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Op-ed: How the Voices of Children Have Helped Turn the Tide on Marriage Equality

Op-ed: How the Voices of Children Have Helped Turn the Tide on Marriage Equality


Millions of children across the country helped make marriage equality a reality in so many homes.

I was heartened to see Friday's statement by Attorney General Eric Holder announcing that the federal government will recognize same-sex marriages happening in the states affected by the Supreme Court's recent decision not to review three federal appeals court's rulings that overturned marriage bans for same-sex couples.

Beyond Holder's action itself I was struck by the words he used to explain the move:

"The practical consequences of the Court's decision are profound for families throughout the nation. Within hours of the decision, same-sex couples in Indiana, Oklahoma, Utah, Virginia, and Wisconsin were able to have their unions recognized in the states where they live -- to stand with their partners, and with their children, as loving and committed families with the full protection of the law."

The attorney general's inclusion of families and children went right to the heart of the matter for gay dads like me and the millions of other LGBTQ families I represent in my leadership role at the national organization Family Equality Council. Holder validated all of our efforts to amplify the lives and the stories of the children who are impacted by the level of recognition their parents are afforded under the law.

Through our "Voices of Children" amicus briefs, we have put children's testimonials directly before judges in cases from the landmark Windsor and Perry cases in 2013 to the recent Fourth, Seventh and 10th Circuit decisions to both of the recent Ninth Circuit rulings in Idaho and Nevada and the one just this past Friday morning in Arizona.

Our arguments center on the vital need to safeguard our children because all families deserve to be valued and treated equally. And federal judges have taken notice. During oral arguments in the Proposition 8 case in 2013, Supreme Court Justice Anthony Kennedy referenced our brief as a key example of the unfairness of the law. In August of this year, Judge Richard Posner shined a bright spotlight on our brief during Seventh Circuit Court of Appeals arguments before he authored the opinion ultimately overturning marriage bans in Indiana and Wisconsin.

Posner -- a Republican and Reagan appointee -- questioned attorneys arguing to keep the bans, saying:

"Did you read the amici curiae brief of the Family Equality Council? ... It has a great deal of rather harrowing information about the problems created for children and their parents in the case of same-sex couples not being allowed to marry who have adopted children -- how they feel when they grow up, how what happens when one of their parents dies."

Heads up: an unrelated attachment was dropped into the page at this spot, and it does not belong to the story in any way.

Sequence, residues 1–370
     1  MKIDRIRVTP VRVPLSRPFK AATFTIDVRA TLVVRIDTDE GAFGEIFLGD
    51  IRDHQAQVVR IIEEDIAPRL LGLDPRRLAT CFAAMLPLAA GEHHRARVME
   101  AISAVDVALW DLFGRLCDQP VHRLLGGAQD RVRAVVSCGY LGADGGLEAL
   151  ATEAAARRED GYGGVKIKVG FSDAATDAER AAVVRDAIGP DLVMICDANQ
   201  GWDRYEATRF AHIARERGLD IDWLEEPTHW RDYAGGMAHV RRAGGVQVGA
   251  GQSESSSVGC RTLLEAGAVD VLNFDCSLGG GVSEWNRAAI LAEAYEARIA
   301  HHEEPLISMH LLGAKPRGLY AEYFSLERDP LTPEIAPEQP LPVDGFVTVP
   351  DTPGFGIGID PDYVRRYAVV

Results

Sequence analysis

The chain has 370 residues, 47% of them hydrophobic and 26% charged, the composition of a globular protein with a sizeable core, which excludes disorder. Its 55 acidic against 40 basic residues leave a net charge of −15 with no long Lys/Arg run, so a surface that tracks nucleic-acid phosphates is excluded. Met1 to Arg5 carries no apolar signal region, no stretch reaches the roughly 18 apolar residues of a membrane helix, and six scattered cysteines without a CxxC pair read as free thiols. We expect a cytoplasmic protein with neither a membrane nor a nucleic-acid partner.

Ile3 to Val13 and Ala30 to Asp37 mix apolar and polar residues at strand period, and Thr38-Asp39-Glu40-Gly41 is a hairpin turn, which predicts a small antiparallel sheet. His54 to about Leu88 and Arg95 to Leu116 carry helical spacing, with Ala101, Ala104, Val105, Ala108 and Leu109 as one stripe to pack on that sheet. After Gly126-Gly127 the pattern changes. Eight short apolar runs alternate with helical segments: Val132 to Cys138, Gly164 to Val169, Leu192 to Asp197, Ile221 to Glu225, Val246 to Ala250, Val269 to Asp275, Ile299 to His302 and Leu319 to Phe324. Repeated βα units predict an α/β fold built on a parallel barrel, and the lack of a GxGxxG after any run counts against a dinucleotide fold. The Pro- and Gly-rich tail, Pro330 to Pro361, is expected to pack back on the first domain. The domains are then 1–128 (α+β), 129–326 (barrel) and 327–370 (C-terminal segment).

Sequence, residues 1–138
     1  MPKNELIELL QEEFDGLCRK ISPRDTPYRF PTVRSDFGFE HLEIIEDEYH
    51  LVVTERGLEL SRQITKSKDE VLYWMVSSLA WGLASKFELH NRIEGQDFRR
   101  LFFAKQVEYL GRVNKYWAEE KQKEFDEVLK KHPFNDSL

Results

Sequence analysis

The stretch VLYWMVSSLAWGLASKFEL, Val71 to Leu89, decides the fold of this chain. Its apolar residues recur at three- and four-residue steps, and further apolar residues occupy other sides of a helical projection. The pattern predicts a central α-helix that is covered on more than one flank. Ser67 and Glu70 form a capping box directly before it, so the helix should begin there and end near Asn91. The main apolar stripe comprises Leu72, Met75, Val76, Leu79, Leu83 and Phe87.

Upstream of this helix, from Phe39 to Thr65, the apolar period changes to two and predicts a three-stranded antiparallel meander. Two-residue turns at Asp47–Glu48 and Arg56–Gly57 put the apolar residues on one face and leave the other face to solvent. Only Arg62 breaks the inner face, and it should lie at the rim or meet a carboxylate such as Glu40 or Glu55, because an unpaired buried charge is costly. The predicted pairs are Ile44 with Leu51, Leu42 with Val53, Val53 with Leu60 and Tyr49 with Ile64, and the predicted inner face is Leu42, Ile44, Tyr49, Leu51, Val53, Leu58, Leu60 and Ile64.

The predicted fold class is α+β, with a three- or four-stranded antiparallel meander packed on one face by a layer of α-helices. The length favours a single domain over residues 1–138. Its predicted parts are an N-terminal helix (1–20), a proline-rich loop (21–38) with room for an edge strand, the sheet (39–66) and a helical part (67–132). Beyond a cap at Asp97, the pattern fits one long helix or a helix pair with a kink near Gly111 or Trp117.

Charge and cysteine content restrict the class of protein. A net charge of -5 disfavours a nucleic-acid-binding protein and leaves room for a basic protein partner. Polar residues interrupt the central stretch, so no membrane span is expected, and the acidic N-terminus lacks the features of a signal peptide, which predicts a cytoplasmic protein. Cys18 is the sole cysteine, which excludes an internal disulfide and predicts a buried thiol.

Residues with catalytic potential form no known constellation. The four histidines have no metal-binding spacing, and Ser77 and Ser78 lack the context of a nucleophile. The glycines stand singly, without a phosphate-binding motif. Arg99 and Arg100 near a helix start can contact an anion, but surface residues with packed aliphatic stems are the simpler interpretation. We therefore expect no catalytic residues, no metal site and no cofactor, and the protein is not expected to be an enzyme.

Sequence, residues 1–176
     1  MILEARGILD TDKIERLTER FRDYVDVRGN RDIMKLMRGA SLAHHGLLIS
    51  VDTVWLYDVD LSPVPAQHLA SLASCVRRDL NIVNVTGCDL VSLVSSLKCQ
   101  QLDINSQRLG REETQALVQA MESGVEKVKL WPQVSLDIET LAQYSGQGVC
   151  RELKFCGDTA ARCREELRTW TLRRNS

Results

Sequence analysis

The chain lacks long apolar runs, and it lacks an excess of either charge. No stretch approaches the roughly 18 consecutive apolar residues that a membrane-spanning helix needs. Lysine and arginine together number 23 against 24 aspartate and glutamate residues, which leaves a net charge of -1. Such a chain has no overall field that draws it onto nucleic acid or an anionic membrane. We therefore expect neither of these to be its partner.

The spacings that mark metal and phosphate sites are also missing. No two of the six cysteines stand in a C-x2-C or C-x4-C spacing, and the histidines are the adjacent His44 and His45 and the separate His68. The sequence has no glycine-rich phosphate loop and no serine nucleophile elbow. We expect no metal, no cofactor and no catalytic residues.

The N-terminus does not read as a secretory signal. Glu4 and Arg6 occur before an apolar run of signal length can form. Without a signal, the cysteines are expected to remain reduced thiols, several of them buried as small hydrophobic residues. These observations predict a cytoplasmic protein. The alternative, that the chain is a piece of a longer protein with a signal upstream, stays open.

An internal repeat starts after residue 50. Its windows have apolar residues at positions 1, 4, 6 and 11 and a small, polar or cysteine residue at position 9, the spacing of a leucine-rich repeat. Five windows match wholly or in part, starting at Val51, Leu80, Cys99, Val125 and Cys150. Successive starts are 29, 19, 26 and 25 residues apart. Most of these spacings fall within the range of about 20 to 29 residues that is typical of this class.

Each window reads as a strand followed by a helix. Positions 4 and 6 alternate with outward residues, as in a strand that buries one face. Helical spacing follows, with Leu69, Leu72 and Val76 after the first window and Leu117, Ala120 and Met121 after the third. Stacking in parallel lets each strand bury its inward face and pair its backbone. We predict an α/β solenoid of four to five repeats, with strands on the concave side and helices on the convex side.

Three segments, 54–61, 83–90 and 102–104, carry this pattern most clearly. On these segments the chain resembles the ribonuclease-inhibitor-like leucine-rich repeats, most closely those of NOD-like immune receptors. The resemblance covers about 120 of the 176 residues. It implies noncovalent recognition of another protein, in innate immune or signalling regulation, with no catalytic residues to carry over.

The Seventh Circuit went on to rule in favor of marriage equality, and the decision undoubtedly came in part because we exposed the court to the concrete harms that children face when their parents are denied equal protection under the law. Anna Frackman of Wisconsin shared her story in the brief before the Seventh Circuit:

"Frackman says that her 'family lacked the advantages and protections that marriage affords,' explaining that '[a]mong other things, my parents had to pay significantly more in taxes and for insurance premiums on separate plans. If one of us needed to be in the hospital, we were not even guaranteed the right to be with our loved ones while they were scared and in pain.'"

Frackman's story is one of thousands of similar stories and it illustrates urgent need to remedy the nation's current patchwork of laws affecting our families. In concluding his statement about federal recognition for same-sex marriages in all of the recent jurisdictions (now there's a total of 32 states and the District of Columbia) where marriage is now legal for same-sex couples, Attorney General Holder seemed to agree:

"The steady progress toward LGBT equality we've seen -- and celebrated -- is important and historic. But there remain too many places in this country where men and women cannot visit their partners in the hospital, or be recognized as the rightful parents of their own adopted children; where people can be discriminated against just because they are gay."

These comments sum up our mission. We have much work to do. We are grateful for Attorney General Holder's support and look forward to working on behalf of all LGBTQ families until we achieve legal and lived equality nationwide.

GABRIEL BLAU is the executive director of Family Equality Council, an organization that connects, supports, and represents the 3 million parents who are lesbian, gay, bisexual, transgender, and queer in this country and their 6 million children.

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Gabriel Blau